Ginwright on Blacklivesmatter

Shawn Ginwright is one of the best analysts of the #Blacklivesmatter movement. These are excerpts from his article “Radically Healing Black Lives: A Love Note to Justice“* that help explain what is happening in America today.

First, a great statement of why the movement emphasizes Blacknesss and yet is for all:

A love ethic is an unconditional desire for human dignity, meaningful existence, and hope. #Blacklivesmatter is a movement of dignity, meaning, and hope in a critical moment when race in general, and Blackness in particular, has become a third rail, and avoided in policy debates. The statement “Black lives matter” also gives others permission to practice courageous love and to celebrate and protect the dignity and humanity of all people.

And here is Ginwright on the double agenda–changing systems and healing people:

Healing justice is an emerging movement that seeks both (a) collective healing and well-being, and also (b) transforming the institutions and relationships that are causing the harm in the first place (Wallace, 2012). …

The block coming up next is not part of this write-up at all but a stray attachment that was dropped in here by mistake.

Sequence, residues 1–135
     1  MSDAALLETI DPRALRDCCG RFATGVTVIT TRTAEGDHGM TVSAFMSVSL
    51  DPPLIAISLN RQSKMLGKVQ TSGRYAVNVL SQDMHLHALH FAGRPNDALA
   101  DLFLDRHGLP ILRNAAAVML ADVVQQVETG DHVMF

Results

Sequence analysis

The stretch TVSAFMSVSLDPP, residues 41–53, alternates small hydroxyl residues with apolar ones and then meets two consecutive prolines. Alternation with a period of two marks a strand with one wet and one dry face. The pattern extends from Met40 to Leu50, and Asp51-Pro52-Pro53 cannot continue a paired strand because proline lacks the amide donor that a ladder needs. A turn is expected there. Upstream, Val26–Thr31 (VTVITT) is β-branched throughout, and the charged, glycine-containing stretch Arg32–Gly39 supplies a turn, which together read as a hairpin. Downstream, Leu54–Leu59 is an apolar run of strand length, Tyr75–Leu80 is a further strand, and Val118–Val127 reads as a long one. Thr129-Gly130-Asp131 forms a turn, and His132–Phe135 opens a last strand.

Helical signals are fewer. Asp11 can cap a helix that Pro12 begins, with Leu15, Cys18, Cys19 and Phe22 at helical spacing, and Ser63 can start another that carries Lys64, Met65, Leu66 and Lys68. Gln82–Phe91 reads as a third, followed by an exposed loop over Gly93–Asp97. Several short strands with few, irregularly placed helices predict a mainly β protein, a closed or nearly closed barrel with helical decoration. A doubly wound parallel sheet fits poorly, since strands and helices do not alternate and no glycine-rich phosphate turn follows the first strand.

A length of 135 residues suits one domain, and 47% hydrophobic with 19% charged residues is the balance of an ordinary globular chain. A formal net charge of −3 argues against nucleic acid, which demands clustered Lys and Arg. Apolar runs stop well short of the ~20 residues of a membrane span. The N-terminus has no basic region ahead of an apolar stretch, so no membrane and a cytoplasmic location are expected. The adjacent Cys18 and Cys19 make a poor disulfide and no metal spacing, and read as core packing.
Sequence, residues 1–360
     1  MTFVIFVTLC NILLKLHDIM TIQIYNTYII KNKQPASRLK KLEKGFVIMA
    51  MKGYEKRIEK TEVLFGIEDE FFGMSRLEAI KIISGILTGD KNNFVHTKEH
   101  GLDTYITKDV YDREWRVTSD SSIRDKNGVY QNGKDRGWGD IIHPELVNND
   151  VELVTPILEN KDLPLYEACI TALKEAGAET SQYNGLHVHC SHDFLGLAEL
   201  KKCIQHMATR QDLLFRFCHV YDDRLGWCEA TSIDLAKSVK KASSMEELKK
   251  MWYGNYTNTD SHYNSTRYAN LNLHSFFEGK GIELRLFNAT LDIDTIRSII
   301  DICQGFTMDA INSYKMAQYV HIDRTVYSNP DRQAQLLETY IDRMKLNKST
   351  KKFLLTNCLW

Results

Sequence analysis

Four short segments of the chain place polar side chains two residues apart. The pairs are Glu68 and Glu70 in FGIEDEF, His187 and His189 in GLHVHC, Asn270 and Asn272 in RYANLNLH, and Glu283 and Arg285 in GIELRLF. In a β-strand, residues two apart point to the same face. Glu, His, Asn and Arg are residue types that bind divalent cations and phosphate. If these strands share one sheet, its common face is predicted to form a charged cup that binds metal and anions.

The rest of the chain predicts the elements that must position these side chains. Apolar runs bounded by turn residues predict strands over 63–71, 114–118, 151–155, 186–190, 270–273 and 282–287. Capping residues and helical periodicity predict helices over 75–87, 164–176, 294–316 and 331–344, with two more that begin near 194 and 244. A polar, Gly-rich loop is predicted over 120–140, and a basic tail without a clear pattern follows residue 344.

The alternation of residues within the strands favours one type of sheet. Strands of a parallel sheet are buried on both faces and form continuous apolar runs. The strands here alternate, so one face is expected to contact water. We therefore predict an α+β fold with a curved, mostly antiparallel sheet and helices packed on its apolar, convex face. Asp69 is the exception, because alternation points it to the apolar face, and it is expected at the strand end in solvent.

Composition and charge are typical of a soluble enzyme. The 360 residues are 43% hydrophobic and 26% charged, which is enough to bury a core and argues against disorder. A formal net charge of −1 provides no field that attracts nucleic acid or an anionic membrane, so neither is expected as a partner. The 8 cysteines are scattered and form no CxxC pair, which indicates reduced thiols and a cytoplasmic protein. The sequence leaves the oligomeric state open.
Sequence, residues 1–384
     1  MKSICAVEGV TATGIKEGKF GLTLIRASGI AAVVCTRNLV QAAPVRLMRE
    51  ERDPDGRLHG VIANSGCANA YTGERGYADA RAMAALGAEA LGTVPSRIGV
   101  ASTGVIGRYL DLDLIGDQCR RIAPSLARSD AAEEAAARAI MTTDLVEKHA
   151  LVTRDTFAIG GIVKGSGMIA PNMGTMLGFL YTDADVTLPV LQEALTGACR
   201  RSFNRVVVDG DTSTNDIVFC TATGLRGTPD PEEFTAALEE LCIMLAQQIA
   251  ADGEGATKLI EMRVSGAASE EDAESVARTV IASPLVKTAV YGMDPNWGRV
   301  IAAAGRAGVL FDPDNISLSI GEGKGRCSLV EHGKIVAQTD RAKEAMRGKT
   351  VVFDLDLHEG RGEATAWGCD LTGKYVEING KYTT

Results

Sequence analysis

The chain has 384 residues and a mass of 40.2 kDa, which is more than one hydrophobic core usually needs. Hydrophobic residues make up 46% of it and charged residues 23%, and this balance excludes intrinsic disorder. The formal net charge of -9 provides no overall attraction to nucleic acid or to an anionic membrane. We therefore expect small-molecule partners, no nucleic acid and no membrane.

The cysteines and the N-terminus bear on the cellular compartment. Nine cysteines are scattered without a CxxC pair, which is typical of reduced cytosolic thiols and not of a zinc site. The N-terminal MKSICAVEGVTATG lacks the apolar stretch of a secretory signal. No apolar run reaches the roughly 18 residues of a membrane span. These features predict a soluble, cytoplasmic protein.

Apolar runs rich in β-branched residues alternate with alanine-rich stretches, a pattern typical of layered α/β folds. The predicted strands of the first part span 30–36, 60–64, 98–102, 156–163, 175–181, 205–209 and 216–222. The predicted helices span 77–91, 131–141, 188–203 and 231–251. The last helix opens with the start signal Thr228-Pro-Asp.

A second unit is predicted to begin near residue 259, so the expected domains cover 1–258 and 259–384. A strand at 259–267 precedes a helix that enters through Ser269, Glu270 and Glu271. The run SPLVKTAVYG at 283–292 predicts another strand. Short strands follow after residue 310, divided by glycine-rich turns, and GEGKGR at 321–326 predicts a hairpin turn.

Young community leaders increasingly acknowledge that both organizing and healing together are required for lasting community change. Both strategies, braided together, make a more complete and durable fabric in our efforts to transform oppression, and hold the power to restore a more humane, and redemptive process toward community change. …

[By analogy,] environmental justice activists view policies that promote pollution and fossil fuels as harmful to the earth and our environment. Much of their activism focuses on protecting the environment from harm created by lack of awareness or concern for the natural environment. Similarly, healing justice activists view policies that promote violence, stress, hopelessness in schools and communities, as harmful to our collective well-being, human dignity, and hope. Rather than viewing well-being as an individual act of self-care, healing justice advocates view the practice of healing as political action.

*from New Directions for Student Leadership, no. 148 (2015), pp. 33-44.

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About Peter

Associate Dean for Research and the Lincoln Filene Professor of Citizenship and Public Affairs at Tufts University's Tisch College of Civic Life. Concerned about civic education, civic engagement, and democratic reform in the United States and elsewhere.